LCSN: Texas senator calls for border focus at Domenici conference

September 1, 2010. Retrieved online September 2, 2010 from Diana M. Alba, Las Cruces Sun-News

With former U.S. Sen. Pete Domenici listening behind her, U.S. Sen. Kay Bailey Hutchison, R-Texas, waits to be introduced Wednesday in Corbett Center at New Mexico State University for the Domenici Public Policy Conference. Sen. Hutchison spoke to the attendees about border issues. (photo by Norm Dettlaff/Sun-News)

LAS CRUCES – Texas’ senior senator, Republican Kay Bailey Hutchison, referred to the bullets from Juárez gunfights that have strayed across the international border this summer, when framing her remarks Wednesday to a crowd at New Mexico State University.

And following close behind Hutchison was a look by former U.S. Sen. Sam Nunn, D-Ga., at a more global threat: nuclear arms.

The speakers were part of the first day lineup of the 2010 Domenici Public Policy Conference, meant to honor former U.S. Sen. Pete Domenici of New Mexico.

U.S. Sen. Sam Nunn, D-Ga., smiles as he is introduced for this year's Domenici Public Policy Conference. He spoke of national security concerning nuclear weapons. (Photo by Norm Dettlaff/Sun-News)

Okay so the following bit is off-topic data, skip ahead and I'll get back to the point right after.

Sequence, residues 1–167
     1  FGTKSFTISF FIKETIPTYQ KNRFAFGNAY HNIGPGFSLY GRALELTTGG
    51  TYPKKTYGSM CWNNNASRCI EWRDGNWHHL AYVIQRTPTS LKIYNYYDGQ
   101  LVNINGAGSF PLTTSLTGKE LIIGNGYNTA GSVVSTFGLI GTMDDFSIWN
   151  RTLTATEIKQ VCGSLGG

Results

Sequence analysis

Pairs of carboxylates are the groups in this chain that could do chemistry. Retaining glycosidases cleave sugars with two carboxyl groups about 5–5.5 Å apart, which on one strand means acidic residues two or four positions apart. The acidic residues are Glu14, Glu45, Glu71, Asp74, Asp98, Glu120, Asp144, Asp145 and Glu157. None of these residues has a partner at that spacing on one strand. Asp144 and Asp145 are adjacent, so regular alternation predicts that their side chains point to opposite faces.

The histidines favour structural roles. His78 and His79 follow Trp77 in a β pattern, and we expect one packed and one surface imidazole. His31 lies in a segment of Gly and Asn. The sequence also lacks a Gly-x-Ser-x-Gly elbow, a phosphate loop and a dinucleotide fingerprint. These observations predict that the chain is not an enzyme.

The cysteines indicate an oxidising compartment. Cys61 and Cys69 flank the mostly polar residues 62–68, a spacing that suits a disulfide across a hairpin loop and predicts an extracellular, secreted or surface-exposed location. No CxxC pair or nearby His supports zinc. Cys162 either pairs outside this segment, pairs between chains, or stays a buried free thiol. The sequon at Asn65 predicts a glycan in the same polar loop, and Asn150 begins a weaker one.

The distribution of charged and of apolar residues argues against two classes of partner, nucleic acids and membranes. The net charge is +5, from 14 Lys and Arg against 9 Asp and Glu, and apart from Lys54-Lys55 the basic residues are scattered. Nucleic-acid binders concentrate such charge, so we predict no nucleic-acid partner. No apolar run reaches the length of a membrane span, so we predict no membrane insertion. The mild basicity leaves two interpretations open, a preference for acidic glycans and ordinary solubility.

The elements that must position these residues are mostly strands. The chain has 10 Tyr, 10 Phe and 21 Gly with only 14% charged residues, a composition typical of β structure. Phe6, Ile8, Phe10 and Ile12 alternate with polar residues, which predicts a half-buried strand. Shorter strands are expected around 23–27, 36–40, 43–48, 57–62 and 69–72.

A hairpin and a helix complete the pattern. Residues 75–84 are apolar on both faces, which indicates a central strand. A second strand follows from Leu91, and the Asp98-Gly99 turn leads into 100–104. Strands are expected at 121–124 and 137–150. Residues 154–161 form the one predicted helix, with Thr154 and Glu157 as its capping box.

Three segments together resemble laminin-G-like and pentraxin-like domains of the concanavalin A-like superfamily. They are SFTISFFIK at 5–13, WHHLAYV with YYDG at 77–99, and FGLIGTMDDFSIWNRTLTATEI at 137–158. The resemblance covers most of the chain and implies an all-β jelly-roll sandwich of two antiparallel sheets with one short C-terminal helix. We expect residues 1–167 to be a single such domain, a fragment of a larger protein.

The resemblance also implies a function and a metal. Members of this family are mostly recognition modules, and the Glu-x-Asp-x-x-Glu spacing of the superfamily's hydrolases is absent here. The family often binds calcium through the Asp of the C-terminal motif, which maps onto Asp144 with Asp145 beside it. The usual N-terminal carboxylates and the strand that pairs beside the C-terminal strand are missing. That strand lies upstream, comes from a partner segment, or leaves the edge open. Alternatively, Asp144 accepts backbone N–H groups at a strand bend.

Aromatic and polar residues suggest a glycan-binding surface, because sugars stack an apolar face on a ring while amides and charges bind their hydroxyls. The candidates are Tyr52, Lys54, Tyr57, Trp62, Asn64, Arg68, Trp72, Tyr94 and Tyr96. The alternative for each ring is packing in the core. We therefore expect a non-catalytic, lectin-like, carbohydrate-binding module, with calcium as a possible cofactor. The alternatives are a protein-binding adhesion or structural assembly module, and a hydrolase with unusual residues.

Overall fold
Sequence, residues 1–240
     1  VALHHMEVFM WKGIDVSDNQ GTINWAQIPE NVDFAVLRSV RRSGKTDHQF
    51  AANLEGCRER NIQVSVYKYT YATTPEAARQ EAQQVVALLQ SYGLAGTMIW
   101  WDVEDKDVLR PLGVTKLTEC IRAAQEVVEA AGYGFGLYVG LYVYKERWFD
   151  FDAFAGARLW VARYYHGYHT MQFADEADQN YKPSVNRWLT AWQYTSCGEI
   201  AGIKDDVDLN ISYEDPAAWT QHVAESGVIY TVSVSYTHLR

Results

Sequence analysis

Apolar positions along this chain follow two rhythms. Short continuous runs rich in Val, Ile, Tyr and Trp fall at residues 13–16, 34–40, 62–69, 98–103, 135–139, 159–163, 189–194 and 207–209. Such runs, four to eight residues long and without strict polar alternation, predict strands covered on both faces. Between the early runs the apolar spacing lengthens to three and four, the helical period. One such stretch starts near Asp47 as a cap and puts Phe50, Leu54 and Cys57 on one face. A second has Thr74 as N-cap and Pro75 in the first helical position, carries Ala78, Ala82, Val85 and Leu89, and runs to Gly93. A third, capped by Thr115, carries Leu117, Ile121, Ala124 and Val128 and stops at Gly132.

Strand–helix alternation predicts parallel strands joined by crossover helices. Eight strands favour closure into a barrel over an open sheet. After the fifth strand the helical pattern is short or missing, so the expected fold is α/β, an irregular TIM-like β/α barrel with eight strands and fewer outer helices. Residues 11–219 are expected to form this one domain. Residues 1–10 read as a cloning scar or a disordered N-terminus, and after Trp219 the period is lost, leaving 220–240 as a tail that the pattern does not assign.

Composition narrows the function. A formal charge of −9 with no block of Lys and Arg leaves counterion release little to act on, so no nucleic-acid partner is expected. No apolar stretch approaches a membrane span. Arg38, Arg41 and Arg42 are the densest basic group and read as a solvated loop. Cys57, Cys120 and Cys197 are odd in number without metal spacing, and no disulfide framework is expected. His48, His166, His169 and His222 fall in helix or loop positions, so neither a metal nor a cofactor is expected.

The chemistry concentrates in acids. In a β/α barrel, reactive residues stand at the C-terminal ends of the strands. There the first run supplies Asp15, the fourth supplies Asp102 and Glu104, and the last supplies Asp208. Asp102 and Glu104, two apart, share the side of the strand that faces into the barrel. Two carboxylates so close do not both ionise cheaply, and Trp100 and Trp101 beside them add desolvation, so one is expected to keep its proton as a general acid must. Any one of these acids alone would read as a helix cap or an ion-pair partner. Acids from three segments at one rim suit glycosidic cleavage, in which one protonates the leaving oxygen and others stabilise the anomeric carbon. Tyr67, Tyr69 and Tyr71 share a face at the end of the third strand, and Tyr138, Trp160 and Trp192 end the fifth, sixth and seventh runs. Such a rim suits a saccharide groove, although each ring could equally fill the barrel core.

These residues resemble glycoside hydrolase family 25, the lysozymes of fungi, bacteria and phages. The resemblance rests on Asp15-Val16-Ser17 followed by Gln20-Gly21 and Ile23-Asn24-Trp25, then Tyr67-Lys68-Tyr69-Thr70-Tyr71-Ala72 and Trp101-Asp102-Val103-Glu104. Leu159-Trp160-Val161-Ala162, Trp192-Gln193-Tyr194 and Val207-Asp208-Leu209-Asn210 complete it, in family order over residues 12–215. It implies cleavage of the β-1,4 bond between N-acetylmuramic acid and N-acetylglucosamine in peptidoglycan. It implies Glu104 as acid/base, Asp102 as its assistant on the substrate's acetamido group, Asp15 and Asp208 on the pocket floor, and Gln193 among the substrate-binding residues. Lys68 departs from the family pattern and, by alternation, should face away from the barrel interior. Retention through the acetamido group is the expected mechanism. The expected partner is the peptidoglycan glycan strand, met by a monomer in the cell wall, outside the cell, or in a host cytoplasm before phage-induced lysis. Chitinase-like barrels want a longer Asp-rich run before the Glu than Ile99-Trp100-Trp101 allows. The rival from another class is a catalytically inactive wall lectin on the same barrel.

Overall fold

In addition to the bullets, Hutchison highlighted the murders of 72 migrants killed en masse, the assassination recently of two Mexican mayors and the death toll of 28,000 in Mexico since that country’s president began a drug war four years ago.

Juárez, she said, is “ground zero” for that battle.

“We should be alarmed by this escalation,” she said.

The U.S. government is taking steps on this side of the border to combat the violence, including boosting Border Patrol agent numbers, technology and equipment; funding a program that intercepts weapons being smuggled into Mexico; and creating “strike forces” of agents who are able to “focus on areas with greater need” along the border.

“When you close down one area, another one pops up,” she said.

Hutchison said more and better-trained manpower is the key to tackling the problem of border security. She said she changed her stance because of the increasing violence and now supports stationing the National Guard along the international border to back up the Border Patrol.

In response to a question from the audience, Hutchison said U.S. officials have helped train Mexican law enforcement, but there’s only so much they can do to change conditions in that country, considering it’s an autonomous nation. Still, she said she believes it’s taking the steps needed to solve cartel problems.

“There was a time people thought we’d never lose the organized crime in Colombia,” she noted.

NMSU student Max Haake, 22, a sophomore studying accounting, said the speakers were “motivating.”

“I was impressed with how knowledgeable the speakers were and how well they conveyed their ideas,” he said. “They made it to where everybody understood and everybody felt that something needs to be done.”

Read the Las Cruces Sun-News article.

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